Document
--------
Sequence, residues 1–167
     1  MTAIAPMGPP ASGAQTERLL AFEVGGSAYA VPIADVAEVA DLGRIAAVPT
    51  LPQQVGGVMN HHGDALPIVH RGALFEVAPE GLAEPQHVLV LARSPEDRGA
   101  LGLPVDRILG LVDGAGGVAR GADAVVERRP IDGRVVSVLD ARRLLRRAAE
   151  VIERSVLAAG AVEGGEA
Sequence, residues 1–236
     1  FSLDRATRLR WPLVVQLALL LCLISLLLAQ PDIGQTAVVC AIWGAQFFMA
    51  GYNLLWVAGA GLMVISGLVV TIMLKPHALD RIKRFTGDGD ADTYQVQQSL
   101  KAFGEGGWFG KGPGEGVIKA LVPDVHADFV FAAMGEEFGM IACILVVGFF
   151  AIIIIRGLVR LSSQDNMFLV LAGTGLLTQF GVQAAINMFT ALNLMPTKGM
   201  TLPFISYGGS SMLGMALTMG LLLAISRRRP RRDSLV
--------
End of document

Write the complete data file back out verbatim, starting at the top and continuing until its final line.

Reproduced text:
Sequence, residues 1–167
     1  MTAIAPMGPP ASGAQTERLL AFEVGGSAYA VPIADVAEVA DLGRIAAVPT
    51  LPQQVGGVMN HHGDALPIVH RGALFEVAPE GLAEPQHVLV LARSPEDRGA
   101  LGLPVDRILG LVDGAGGVAR GADAVVERRP IDGRVVSVLD ARRLLRRAAE
   151  VIERSVLAAG AVEGGEA
Sequence, residues 1–236
     1  FSLDRATRLR WPLVVQLALL LCLISLLLAQ PDIGQTAVVC AIWGAQFFMA
    51  GYNLLWVAGA GLMVISGLVV TIMLKPHALD RIKRFTGDGD ADTYQVQQSL
   101  KAFGEGGWFG KGPGEGVIKA LVPDVHADFV FAAMGEEFGM IACILVVGFF
   151  AIIIIRGLVR LSSQDNMFLV LAGTGLLTQF GVQAAINMFT ALNLMPTKGM
   201  TLPFISYGGS SMLGMALTMG LLLAISRRRP RRDSLV